Diaghilev at the National Gallery
The National Gallery’s new show: “Diaghilev and the Ballets Russes: When Art Danced with Music,” implies that the Russian impresario started something new.
To be sure, this highly enjoyable show of costumes, sketches, paintings and ballet videos emphasizes the impressive caliber of collaborators: Dancer Najinksy; painters Picasso, Matisse and Rouault; composers Stravinsky and Prokofiev. A dream team to be sure.
Spilling through National Gallery East building rooms on two floors, the exhibit features 130 original costumes, set designs, paintings, sculptures, prints and drawings, photographs, and posters.
Glass cases feature some of the original costumes from these ballets staged from 1909 through 1929. Delight in the hand stitching, and pre-nylon fabric. Wonder how they could survive the violence and sweat of the dance.
Picasso’s much-reproduced pencil sketch of Stravinsky hangs modestly as one of dozens of such sketches or paintings. It’s date is telling: Dec. 31, 1920. It must have been a New Year’s Eve party.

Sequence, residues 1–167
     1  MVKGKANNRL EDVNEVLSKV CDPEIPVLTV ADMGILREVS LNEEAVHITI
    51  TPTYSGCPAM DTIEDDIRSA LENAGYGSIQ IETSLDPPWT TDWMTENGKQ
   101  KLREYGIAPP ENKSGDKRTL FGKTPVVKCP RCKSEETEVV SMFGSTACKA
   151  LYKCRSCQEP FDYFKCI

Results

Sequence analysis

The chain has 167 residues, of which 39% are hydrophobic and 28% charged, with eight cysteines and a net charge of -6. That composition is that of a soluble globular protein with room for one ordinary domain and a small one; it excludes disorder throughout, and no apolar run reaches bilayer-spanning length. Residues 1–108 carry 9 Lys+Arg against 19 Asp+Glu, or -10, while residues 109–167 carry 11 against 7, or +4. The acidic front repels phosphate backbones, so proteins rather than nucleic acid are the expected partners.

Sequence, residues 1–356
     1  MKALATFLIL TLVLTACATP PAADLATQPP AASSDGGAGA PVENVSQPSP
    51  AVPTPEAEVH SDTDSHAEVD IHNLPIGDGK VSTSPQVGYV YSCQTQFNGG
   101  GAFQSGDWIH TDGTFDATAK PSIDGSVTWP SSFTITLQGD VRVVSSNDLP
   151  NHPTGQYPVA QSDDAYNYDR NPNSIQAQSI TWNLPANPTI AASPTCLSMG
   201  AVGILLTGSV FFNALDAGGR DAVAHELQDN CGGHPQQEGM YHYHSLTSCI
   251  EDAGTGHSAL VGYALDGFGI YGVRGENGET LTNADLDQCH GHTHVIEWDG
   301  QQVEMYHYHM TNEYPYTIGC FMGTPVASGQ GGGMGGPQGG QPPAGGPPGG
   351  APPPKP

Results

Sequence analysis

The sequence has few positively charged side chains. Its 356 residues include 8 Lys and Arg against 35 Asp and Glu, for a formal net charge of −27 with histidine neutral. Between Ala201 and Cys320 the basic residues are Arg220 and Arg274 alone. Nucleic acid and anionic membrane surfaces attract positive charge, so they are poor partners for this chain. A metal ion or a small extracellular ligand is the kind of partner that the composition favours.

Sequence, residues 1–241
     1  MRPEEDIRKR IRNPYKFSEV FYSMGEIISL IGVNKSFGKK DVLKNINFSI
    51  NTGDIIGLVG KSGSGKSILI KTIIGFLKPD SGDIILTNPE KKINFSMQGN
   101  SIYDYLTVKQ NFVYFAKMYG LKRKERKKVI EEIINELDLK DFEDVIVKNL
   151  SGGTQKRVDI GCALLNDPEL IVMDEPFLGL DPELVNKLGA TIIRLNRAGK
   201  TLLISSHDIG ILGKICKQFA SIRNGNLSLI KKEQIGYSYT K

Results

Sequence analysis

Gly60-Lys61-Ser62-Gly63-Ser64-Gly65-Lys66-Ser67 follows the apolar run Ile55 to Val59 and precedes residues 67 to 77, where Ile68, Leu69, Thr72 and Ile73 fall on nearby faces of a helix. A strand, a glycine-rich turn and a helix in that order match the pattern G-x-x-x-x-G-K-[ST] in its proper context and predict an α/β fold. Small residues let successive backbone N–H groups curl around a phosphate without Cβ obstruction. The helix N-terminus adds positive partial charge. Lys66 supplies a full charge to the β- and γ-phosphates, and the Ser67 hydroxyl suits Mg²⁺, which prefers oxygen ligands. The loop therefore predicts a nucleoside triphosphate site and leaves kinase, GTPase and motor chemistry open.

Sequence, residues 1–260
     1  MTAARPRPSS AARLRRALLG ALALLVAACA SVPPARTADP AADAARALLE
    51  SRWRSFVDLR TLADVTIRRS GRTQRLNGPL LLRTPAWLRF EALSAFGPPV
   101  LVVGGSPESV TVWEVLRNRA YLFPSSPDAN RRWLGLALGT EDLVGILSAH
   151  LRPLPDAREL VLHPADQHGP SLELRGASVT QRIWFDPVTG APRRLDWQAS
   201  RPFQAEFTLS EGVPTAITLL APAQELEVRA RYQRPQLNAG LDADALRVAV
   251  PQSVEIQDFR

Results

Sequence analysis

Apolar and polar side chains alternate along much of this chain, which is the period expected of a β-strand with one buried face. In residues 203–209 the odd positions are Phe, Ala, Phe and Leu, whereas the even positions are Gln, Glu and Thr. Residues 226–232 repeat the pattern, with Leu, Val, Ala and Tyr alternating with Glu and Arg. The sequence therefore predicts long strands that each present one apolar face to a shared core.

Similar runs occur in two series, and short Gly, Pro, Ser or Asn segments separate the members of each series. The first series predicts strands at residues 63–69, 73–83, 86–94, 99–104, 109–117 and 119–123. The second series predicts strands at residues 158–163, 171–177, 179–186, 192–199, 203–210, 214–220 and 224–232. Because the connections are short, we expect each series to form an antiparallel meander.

One huge wall shows the enormous stage screen by Natalia Goncharova for the Stravinsky-composed “Firebird.”
Most engaging, and upstaging these at-hand artifacts from the actual ballets, are the videos (otherwise available on the internet from these grand ballets.) On a half-dozen several screens, we see Nureyev in “Afternoon of a Faun,” and the triple homage of the Joffrey Ballet re-enacting the Charlie Chaplin send-up of the Najinsky “Faun.”
Diaghilev and his choreographers took ballet beyond its form as a kind of soft porn for the 19th century’s 1 percent. With more modern music, and more inventive costumes, these ballets showed animals cavorting (Rite of Spring), Russian peasants, and Middle East brothels.
In truth, art danced with music well before Diaghilev. Cave paintings in France indicate dancing. Homer and his peers may have sung the Odyssey. Shakespeare’s characters played instruments and danced on stage. Operas of the 19th century combined music, dance, and elaborate sets. Verdi’s Aida even combined art with engineering; it was commissioned to commemorate the opening of the Suez Canal.
Now, of course, Hollywood films with routine $100 million budgets make Diaghilev’s innovation look small.
The exhibition runs through September 2, 2013.